We may poke gentle fun at “incomers” about cockerels and cowpats, but perhaps we should be more sensitive to avoid unnecessary friction
There was an item in The Times about a group of British second homeowners in the French Alps who complained to the mayor about the noise of cow bells. They wrote that “the noise on the slopes and in front of our chalets is unbearable”. The town’s mayor was bemused, saying he could have understood if full-time residents had raised the issue, adding: “There are worse things than hearing the bells of the cows.”
Four hundred locals turned up to protest at a public meeting and support for them flooded in from around the world — an online petition quickly racked up more than 116,000 signatures. One supporter wrote: “If the townspeople do not want to hear the cows they [should] stay at home or rent a desert island (they can complain about the waves that make noise especially at high tide).”
The complaint was duly thrown out but, in a conciliatory move, the council agreed to move a cattle trough further away from the houses and to warn potential homeowners about the cow bells. You do wonder why those Brits bought chalets looking on to Alpine pastures if they hadn’t appreciated what the grass was being used for.
This got me thinking; what should local parish councils in Britain warn incomers about? We all know the complaints there have been about thoughtless cockerels crowing at dawn, or church bells that insist on disturbing the Sunday morning lie-in of hapless commuters. What about all those disgusting cowpats on public footpaths, or the sound of gunfire from the local woods in the autumn?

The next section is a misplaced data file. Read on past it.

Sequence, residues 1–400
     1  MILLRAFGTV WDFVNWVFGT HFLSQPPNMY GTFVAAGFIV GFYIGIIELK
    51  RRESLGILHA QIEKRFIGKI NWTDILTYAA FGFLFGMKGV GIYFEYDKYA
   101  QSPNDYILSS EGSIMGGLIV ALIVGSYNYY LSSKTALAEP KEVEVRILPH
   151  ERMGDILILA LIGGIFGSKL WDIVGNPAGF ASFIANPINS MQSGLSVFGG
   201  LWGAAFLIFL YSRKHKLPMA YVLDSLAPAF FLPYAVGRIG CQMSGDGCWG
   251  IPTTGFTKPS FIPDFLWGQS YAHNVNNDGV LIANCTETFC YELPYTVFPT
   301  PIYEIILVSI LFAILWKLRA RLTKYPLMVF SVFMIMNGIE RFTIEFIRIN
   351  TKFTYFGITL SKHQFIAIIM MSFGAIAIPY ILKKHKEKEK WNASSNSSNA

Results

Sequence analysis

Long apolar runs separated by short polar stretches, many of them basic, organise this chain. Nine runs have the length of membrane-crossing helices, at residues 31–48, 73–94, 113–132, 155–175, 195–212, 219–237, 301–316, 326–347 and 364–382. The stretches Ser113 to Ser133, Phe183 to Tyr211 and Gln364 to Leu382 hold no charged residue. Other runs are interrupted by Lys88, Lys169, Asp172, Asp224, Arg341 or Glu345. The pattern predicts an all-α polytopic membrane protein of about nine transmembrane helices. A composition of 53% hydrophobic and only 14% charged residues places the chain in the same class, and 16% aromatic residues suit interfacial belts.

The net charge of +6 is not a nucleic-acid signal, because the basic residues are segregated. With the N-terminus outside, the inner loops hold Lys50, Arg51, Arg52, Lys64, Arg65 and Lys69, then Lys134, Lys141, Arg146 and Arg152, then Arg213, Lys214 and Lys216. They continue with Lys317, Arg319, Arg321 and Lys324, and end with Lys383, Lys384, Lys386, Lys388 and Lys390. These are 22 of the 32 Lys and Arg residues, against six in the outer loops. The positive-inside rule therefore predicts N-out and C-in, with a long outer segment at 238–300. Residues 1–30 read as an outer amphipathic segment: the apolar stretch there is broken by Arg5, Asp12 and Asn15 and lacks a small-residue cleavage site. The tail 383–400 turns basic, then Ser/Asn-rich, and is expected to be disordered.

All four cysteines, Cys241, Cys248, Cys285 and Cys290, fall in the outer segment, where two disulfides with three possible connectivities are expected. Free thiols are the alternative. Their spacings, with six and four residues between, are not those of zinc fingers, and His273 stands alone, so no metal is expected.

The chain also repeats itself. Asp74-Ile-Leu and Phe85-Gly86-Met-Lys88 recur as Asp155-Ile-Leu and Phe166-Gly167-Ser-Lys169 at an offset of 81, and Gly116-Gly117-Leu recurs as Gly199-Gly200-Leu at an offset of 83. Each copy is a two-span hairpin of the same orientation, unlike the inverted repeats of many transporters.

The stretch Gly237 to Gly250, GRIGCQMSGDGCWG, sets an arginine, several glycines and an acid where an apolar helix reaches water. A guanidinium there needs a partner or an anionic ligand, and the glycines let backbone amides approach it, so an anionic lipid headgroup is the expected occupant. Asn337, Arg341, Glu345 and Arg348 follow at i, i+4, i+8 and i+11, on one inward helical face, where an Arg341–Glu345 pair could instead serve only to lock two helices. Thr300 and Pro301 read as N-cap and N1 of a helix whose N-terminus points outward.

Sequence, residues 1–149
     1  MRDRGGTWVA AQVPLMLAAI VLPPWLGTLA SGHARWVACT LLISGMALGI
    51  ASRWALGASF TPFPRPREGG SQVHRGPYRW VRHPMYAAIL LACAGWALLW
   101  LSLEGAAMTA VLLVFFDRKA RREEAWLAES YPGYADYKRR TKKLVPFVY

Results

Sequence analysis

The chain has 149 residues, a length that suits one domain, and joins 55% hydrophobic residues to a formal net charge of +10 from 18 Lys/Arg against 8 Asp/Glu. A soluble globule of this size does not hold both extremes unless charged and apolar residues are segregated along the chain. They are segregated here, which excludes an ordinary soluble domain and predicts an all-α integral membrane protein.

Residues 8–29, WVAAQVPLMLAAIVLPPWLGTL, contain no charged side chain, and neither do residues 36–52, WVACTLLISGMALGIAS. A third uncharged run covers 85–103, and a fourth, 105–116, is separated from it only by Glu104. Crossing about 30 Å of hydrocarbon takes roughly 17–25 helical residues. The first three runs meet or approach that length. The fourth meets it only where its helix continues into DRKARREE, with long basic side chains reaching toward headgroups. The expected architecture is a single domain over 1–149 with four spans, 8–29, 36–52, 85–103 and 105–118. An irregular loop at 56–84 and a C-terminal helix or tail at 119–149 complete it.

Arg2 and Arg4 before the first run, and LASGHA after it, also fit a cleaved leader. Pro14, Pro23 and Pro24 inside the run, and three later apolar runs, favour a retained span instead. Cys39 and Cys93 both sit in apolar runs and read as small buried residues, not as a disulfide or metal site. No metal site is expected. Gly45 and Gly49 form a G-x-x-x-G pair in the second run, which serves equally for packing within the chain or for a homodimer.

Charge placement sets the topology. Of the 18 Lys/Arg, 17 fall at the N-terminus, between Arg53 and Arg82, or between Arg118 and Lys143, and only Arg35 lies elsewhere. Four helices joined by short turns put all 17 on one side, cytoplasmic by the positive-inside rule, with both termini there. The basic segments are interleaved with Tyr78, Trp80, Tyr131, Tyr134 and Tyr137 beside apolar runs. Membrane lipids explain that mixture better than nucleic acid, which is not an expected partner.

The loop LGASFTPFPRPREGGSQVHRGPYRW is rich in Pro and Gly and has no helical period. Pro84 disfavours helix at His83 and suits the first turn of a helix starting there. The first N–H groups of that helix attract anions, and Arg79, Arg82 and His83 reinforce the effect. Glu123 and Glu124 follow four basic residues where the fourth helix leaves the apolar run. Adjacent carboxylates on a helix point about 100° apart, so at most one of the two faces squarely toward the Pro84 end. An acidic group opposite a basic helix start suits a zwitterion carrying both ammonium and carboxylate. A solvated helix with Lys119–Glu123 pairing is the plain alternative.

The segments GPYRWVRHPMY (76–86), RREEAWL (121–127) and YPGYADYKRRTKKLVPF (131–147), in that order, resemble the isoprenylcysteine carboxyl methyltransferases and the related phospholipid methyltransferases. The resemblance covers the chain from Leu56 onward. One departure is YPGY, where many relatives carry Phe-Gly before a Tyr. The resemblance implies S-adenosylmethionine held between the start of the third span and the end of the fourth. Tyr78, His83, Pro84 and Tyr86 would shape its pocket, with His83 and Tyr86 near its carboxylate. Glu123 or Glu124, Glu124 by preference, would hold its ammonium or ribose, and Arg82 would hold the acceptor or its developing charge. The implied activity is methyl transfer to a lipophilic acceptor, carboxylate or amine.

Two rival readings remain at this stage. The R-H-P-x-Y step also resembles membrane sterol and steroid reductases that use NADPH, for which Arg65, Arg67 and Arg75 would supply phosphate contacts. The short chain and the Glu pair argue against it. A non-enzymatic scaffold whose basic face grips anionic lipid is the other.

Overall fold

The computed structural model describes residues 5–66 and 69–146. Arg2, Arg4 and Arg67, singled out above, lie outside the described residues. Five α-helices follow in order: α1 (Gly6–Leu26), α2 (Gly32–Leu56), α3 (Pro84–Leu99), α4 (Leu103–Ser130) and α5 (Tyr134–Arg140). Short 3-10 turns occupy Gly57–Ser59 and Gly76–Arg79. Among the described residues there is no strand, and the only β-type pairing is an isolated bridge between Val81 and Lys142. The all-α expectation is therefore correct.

And yet… laugh as we may, there may be occasions when we should tread lightly on the sensitivities of others who do not share our ways. Surely it is wise to try not to cause offence if it might be avoided?
Over the years, I have witnessed examples of unnecessary friction. A shoot parking its vehicles across a public right of way; a peg being placed too near an occupied home; overly loud syndicate members dominating a local pub at lunchtime; beaters cracking flags next to a paddock of horses; birds being dropped in gardens and retrieved without permission. All these things caused offence, yet none was necessary to enable a good day’s shooting.
As the pheasant shooting season gets under way, perhaps we should all make sure that we brush up our PR. Some people will always be opposed to shooting, no matter what. But many others will be prepared to base their opinions on what they see with their own eyes and hear with their own ears.
We shouldn’t be ashamed of shooting. We have nothing to hide. Yet good manners cost nothing and we have enough enemies as it is — we don’t need to manufacture any more.
“People will base their opinions on what they see with their own eyes and hear with their ears”
Taken on Trust
The National Trust is proposing to publish the date and place of trail-hunting meets on its land. This is seen by many hunt followers as a sop to the antis, who are pressing for an outright ban at the Trust’s forthcoming AGM. I have a counter proposal: why doesn’t the Trust publish the planned weekly movements of its senior executives? Then any of the Trust’s five million members will know where to find these individuals if they wish to monitor their performance or make personal representations. Sauce for the goose…